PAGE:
There are some hints, though, that could make balancing options easier for an entrepreneur. One element to consider is the role of the community in the business model. If the business seeks to reinvest a significant portion of the profits back in the community, it is likely that equity – where profits are distributed back to investors – would not be the best option, as it will generate tensions related to issues of governance and control.

Another element to consider is the capacity the social business has to return profit in its initial stages. For activities such as prototyping, capacity building, or proof of concept, grants should always be considered. Also, grants can play a significant creative role as loss-cushions, diminishing the risk of more traditional, risk-averse investors.

Debt, on the other hand, makes sense when the ownership is critical to the entrepreneur or to the community, and at a growth stage where there is a capital expenditure with a clear return. In this case, agreements with investors should include below-market interest rates, larger time horizons, or repayment based on cash flows or fixed repayment schedules. Program Related Investments (PRIs) from foundations are another interesting option to obtain soft debt, but are still in an early stage of development.

If the investor is willing to take a high risk and there is no clear exit strategy, a social entrepreneur might want to consider a quasi-equity product, such as convertible loans or a revenue-share agreement. Equity could be considered for projects with the highest risk and return potential, but here the key challenge is to find a partner who is aligned with the social mission of the business and who brings integral skills to the advisory board that the entrepreneur lacks.

In any case, a crucial aspect in any financing strategy of a social business is to safeguard its social mission by creating a strong corporate governance structure that allows the social entrepreneur to retain primary control of the organization, even in times of growth. Not less important is to bring on board investors who are aligned with their values and willing to bring their knowledge and participate as co-creators of the social business, rather than external shareholders.

As social entrepreneurs become more strategic in creating their business models and thinking through financial planning, they will be better equipped to fulfill their missions of systems change and community impact for the widest number of recipients.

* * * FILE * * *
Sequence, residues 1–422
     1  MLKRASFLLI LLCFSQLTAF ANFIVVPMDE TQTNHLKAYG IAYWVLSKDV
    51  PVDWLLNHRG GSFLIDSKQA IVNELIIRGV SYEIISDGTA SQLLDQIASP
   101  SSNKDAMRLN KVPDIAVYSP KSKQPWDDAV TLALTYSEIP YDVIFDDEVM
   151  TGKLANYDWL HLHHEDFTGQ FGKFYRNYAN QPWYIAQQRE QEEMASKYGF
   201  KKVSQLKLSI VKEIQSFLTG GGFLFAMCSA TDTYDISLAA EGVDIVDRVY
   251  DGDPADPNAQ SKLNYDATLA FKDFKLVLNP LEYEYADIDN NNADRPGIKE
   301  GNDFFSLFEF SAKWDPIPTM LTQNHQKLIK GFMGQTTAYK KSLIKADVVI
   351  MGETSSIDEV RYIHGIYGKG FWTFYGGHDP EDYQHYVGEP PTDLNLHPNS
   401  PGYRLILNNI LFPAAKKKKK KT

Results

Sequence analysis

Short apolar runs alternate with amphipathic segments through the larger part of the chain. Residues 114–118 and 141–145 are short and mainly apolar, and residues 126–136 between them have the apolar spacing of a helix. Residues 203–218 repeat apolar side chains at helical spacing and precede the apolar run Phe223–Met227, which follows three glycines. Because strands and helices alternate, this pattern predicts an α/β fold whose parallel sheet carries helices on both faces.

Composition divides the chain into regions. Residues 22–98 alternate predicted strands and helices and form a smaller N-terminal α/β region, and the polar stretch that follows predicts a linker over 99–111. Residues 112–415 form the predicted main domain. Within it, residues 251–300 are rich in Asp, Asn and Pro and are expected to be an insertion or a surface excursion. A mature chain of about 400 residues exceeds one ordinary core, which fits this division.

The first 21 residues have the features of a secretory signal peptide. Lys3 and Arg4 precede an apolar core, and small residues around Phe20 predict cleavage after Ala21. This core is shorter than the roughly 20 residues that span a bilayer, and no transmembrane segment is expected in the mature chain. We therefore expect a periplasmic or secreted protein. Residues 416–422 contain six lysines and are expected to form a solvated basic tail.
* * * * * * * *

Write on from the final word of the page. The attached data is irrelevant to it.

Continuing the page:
The Community Impact Development Group (CIDG) is a cooperative initiative of Siemens Stiftung (Foundation) and Ashoka. Working under the motto “Technology for Human Needs,” CIDG is a network that unites people who want to benefit their communities.

The selected social entrepreneurs use technologies to develop products and services to improve living conditions in their home countries. The network offers them the opportunity to share their experiences and apply the knowledge they acquire to further develop their own enterprises.

CIDG’s goal is to support leading social entrepreneurs working on impacting local communities in sub-Saharan Africa and Latin America with the help of a technological product or service. The program works toward this goal on three levels:

  • Further developing and refining participants’ social business plans, establishing clear paths towards the financial sustainability of their social ventures
  • Facilitation of knowledge exchange among participants and development of methodologies about how to impact local communities
  • Mobilization of external resources to enable social ventures’ impact growth through introducing  potential replicators, investors, and partners to participating social entrepreneurs

 
More information: www.siemens-stiftung.org/en/cidg

Contact:

Sabine Baumeister, Siemens Stiftung
sabine.baumeister@siemens-stiftung.org

Michael Vollmann, Ashoka
mvollmann@ashoka.org

This article was originally published on October 4, 2011
Related TopicsBusiness, Business & Social Enterprise, Social Entrepreneurship

Author

Paula Cardenau and Renee Manuel
Paula Cardenau and Renee Manuel, with learnings taken from CIDG members, thought partners, Siemens Stiftung and Ashoka staff